Choosing a container for your PET Balls is pretty basic.  I prefer a waterproof container – even though PET Balls will successfully take a spark even when damp.  You can use any small container and jam in as many PET Balls that will fit.  There are several good small container options in the SMALL TRAVEL SIZE section at most pharmacy stores.  You can also get creative and use containers such as Altoid Tinsand old film canisters.

PET Balls: Container Ideas

PET Balls: Container Ideas

 Once you choose a container, the more PET Balls you can fit, the better.  Jam them is as tight as you can get.  If I were using the Altoid Tin below I would cram in at least double that many.  It helps to saturate the dryer lint even more.  Besides, these little fire-balls weigh virtually nothing and can be life savers in damp & rainy weather conditions.

Sure there is excellent fire starting tinder available at camping and outdoor stores.  But why spend $10 on something when you can spend virtually $0 and a few minutes to create a product equally as effective.  This is exactly what being a survivor is all about – using the resources at hand to meet your basic survival needs – in this case, FIRE.

Via: willowhavenoutdoor

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How To Make an Electricity-Free Refrigerator

Conventional refrigeration does an incredible job keeping food fresh. But that technology hasn’t helped desert dwellers without steady electricity. A more recent development in refrigeration—the Zeer pot-in-pot refrigerator—only requires water, sand, and a hot, dry climate to preserve produce through evaporative cooling. Here’s how to make the simple gadget.

Materials and Tools Required

  • two terra cotta pots with a 2-3 inch difference in diameter. The smaller pot should be glazed and preferably lacking a drainage hole. If the inner container is double glazed (on its inner and outer walls), non-potable water—say seawater—can be employed.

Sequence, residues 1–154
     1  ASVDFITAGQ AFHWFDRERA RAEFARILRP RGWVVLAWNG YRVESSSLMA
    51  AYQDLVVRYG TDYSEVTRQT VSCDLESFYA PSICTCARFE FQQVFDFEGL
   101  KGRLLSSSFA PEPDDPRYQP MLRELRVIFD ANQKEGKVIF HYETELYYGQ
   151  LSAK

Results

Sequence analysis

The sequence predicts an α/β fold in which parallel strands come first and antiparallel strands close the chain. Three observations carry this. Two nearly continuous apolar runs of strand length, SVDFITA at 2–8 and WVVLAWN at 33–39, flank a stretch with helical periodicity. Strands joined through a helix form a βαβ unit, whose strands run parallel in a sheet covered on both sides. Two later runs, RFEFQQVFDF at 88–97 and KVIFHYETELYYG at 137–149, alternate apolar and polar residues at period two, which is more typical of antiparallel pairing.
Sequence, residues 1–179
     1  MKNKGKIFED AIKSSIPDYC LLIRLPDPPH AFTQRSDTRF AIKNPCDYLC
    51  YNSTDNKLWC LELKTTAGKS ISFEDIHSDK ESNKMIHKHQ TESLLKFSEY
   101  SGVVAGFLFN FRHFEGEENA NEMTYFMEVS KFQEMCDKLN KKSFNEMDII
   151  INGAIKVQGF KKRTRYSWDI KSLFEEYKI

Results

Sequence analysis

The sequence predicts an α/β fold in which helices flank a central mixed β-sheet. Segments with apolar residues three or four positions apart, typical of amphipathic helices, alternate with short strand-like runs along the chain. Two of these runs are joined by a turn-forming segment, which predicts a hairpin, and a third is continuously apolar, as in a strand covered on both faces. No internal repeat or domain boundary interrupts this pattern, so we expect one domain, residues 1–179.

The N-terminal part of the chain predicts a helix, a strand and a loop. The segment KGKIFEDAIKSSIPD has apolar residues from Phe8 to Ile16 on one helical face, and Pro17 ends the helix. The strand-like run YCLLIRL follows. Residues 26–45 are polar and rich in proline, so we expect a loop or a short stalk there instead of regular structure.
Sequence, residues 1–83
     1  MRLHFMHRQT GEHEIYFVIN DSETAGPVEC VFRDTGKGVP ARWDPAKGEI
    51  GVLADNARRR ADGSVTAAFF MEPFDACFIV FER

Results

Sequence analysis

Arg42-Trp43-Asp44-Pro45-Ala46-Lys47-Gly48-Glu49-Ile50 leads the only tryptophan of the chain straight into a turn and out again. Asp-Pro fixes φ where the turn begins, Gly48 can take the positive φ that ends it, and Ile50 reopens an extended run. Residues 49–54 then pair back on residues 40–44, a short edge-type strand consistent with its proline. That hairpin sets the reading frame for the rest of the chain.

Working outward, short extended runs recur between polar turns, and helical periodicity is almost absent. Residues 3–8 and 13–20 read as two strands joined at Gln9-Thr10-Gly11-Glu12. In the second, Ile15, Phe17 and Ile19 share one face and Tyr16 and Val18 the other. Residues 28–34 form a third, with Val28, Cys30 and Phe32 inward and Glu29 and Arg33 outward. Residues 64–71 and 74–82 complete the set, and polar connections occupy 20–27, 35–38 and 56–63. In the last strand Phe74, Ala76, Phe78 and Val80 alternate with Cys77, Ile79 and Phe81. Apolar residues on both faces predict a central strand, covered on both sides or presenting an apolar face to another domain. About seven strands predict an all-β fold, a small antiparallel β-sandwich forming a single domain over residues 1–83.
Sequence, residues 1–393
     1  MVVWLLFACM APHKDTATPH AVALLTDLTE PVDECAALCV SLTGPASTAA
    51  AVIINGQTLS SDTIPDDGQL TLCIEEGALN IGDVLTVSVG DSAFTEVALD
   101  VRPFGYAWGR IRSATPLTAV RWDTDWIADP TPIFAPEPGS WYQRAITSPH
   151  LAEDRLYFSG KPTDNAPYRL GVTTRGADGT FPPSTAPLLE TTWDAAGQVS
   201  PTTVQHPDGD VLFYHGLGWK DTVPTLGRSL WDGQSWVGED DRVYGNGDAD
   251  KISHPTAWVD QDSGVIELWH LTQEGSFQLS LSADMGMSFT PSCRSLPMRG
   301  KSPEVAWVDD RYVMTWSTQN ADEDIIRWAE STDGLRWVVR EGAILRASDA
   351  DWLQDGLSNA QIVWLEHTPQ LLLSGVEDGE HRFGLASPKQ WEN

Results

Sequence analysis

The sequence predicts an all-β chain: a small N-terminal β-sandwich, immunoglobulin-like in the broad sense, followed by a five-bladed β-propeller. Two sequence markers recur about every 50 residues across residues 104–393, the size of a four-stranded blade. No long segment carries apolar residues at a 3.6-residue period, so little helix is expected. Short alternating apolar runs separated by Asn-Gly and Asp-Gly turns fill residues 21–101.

• a bag of sterile sand
  • a square of burlap cloth large enough to cover the top of the inner pot
  • a trowel

Building It

  • 1. If your pots have drainage holes, plug them with a bit of cork, caulk, or other waterproof material. If you don’t, moisture from the sand will seep into the lower pot and immerse the stored goods or seep out the bottom of the larger one.
  • 2. Put down a one-inch deep, level layer of sand in the bottom of the large pot. Set the smaller pot on top of that layer and center it in the larger one. Make sure that the smaller pot’s lip is even with the larger one’s.
  • 3. Fill sand in around the sides of the of the two pots, leaving about an inch of space below the lip.
  • 4. Pour cold water over the sand until it is thoroughly saturated. Put your food into the smaller pot. Cover that with a burlap cloth, also soaked with water. That’s it! Just be sure to refill the water regularly, about once or twice a day.

How It Works

The Zeer was developed in 1995 by Mohammed Bah Abba, a Nigerian school teacher that hailed from a family of pot makers. The design is incredibly simple: a glazed earthen ware pot nestled inside a larger, porous one with a layer of wet sand separating them. As the water evaporates through the surface of the outer pot, it draws heat from the inner one, keeping up to 12kg food fresh for as long as three to four weeks without using a single watt of electricity.

For his efforts, Bah Abba was awarded the $75,000 Rolex Award for Enterprise in 2000 and the World Shell Award for Sustainable Development in 2001 to help spur its development. Presently, Bah Abba sells about 30,000 Zeer per year for 200 Nigerian naira ($1.30) a piece.

Why It Matters

For unprotected food in the North African heat, there is no such thing as a shelf life. Fresh fruit and vegetables last maybe a day or two, and meat spoils within hours. This means that most food must be either sold or consumed immediately. Taking produce to market, in Sudan at least, is a task that typically falls on the women. This tight freshness deadline leaves little free time for their education. But if they had to go to market only weekly, rather than daily, they might actually have time for school—that’s the promise of the Zeer.

The Zeer benefits not just individuals but the greater Sudanese society as well. Farmers are granted greater negotiating power when they don’t have to sell their wares right there and then. Parents see fewer cases of food-borne illness. And when disease does occur, water and temperature-sensitive medicines can also be preserved in the cool pots.

For the rest of the world, the Zeer represents a zero-electricity option for refrigeration. In extended power outages like the ones we’ve seen this summer, long after the local store sells its last bag of ice, the Zeer could be your best chance to keep critical perishable goods from spoiling in the heat.

Via: gizmodo